I would suggest that the Bill as drafted provides an effective Parliamentary control, while at the same time it allows only such latitude to the Board of Trade as reasonable and effective administration requires. Under the Bill, both Houses of Parliament have a period of twenty-eight sitting days in which to consider regulations made by the Board of Trade, and they can if they take exception to the regulations annul them. The only difference between the Bill and my noble friend's proposal is that under the Bill the regulations might have been made and some action might have been taken under them before Parliament could have considered them. But to claim that this is wrong really implies that the Board of Trade, which has precisely similar powers under a number of other important Acts of Parliament and even in certain cases the right to make regulations which have not to be submitted for Parliamentary approval, cannot be trusted to exercise these powers in a proper manner under this Bill.

If Clause 6 gave the Board of Trade power to make general regulations, without any restriction on the matters which might be dealt with, a substantial case might be made for requiring the prior approval of Parliament. But the clause specifies very definitely the matters in respect of which regulations may be made. After the first regulations have been made, whether or not prior approval by Parliament is provided for, it may prove desirable, for a perfectly good and practical reason, to alter them and to do this with a minimum of delay. But if my noble friend's Amendments were accepted, this could not be done, at the earliest in much less than three months, and it might take six months. For the reasons given, I suggest that these Amendments should not be accepted.

On Question, Amendment negatived.

Clause 10:


10.—(1) Nothing in this Act shall prejudice the right of any person who, at the passing of this Act is using any supply of natural gas for any commercial purpose, to continue to use the gas for that purpose.

(2) Nothing in this Act shall Be construed as imposing any liability on any person where in time course of mining or other lawful operations petroleum is set free.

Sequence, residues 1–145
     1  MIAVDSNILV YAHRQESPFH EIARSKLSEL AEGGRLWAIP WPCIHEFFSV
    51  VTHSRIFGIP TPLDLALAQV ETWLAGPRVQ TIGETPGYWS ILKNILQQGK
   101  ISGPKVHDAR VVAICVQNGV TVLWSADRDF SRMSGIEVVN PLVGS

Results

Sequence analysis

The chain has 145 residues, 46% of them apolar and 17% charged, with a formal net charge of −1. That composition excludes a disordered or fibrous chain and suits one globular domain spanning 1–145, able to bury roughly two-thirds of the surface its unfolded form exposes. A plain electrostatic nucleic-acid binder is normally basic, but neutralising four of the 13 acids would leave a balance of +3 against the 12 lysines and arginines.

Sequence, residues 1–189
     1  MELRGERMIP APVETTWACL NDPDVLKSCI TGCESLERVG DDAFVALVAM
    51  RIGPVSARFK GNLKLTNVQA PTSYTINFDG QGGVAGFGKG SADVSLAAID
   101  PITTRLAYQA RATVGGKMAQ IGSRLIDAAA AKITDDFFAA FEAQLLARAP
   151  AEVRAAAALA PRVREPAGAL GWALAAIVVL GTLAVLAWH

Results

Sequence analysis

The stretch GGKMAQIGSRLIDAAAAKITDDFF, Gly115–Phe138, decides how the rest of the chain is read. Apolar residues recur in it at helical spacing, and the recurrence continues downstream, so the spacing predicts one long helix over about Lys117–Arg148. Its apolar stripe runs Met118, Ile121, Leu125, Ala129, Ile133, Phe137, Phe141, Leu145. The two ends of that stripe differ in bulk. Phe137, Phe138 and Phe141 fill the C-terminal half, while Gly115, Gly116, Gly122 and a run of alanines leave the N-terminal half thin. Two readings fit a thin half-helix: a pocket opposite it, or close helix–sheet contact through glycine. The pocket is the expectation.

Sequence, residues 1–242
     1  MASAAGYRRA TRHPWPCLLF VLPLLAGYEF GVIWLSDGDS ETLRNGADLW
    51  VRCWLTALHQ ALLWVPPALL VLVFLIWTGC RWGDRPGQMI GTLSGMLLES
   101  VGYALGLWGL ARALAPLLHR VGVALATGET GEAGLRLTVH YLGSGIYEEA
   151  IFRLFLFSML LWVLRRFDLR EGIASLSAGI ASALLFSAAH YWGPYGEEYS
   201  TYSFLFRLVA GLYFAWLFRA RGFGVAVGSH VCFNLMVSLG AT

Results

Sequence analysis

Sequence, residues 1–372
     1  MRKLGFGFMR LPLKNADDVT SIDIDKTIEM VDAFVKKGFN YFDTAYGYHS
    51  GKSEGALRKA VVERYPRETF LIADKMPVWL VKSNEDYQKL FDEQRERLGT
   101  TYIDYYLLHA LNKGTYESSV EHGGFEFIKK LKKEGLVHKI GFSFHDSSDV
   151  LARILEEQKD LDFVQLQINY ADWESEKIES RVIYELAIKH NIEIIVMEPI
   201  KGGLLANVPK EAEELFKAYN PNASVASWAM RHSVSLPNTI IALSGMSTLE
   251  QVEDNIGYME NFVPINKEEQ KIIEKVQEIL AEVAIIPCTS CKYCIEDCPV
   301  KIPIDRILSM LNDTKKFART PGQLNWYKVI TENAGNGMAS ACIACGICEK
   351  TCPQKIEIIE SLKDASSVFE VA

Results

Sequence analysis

THE MARQUESS OF LONDONDERRY moved to insert: (3) Nothing in this Act shall be construed as conferring, or as enabling the Board of Trade to confer, on any person, whether acting on behalf of His Majesty or not, any right which he does not enjoy apart from this Act to enter on or interfere with land.

The noble Marquess said: My Lords, the noble Lord, Lord Strachie, moved an Amendment to Clause 1 on the Committee stage designed to ensure that the Crown should be put in no better position under the Bill than a person who obtained a licence under Clause 2, and who is obliged, if he wishes to enter upon or interfere with land, to obtain an ancillary right under Clause 3. The matter has been considered by the Government's legal advisers, who express the view that the Bill ought not, on any reasonable interpretation, to be open to the construction suggested by Lord Strachie and those noble Lords who supported the Amendment. The Government are, however, anxious to remove any possible doubt which might exist, and accordingly this Amendment has been put down. Lord Strachie had another Amendment, which was designed to make it clear that not only would a licence not give any right to a licensee to interfere with land, but that it would also not give him any right to interfere with minerals, the ownership of which had been divorced from the surface rights. This point also has been considered on this Amendment. The Government are legally advised that the expression "land" includes minerals. This is confirmed by reference to page 24 of the Fifth Edition of "MacSwinney on Mines."

Amendment moved— Page 5, line 24, at end insert the said subsection.—(The Marquess of Londonderry.)

On Question, Amendment agreed to